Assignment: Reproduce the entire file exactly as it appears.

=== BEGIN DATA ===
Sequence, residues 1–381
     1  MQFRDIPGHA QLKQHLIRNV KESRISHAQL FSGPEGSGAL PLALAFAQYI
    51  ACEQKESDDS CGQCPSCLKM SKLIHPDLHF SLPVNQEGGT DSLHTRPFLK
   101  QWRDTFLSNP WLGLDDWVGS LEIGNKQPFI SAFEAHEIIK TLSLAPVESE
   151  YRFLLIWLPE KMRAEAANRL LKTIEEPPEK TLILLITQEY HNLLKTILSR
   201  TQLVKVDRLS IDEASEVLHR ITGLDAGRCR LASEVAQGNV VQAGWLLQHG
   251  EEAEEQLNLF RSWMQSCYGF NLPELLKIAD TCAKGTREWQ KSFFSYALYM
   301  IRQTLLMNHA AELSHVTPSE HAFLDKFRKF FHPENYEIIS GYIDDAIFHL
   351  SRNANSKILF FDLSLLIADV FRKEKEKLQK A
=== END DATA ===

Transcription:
Sequence, residues 1–381
     1  MQFRDIPGHA QLKQHLIRNV KESRISHAQL FSGPEGSGAL PLALAFAQYI
    51  ACEQKESDDS CGQCPSCLKM SKLIHPDLHF SLPVNQEGGT DSLHTRPFLK
   101  QWRDTFLSNP WLGLDDWVGS LEIGNKQPFI SAFEAHEIIK TLSLAPVESE
   151  YRFLLIWLPE KMRAEAANRL LKTIEEPPEK TLILLITQEY HNLLKTILSR
   201  TQLVKVDRLS IDEASEVLHR ITGLDAGRCR LASEVAQGNV VQAGWLLQHG
   251  EEAEEQLNLF RSWMQSCYGF NLPELLKIAD TCAKGTREWQ KSFFSYALYM
   301  IRQTLLMNHA AELSHVTPSE HAFLDKFRKF FHPENYEIIS GYIDDAIFHL
   351  SRNANSKILF FDLSLLIADV FRKEKEKLQK A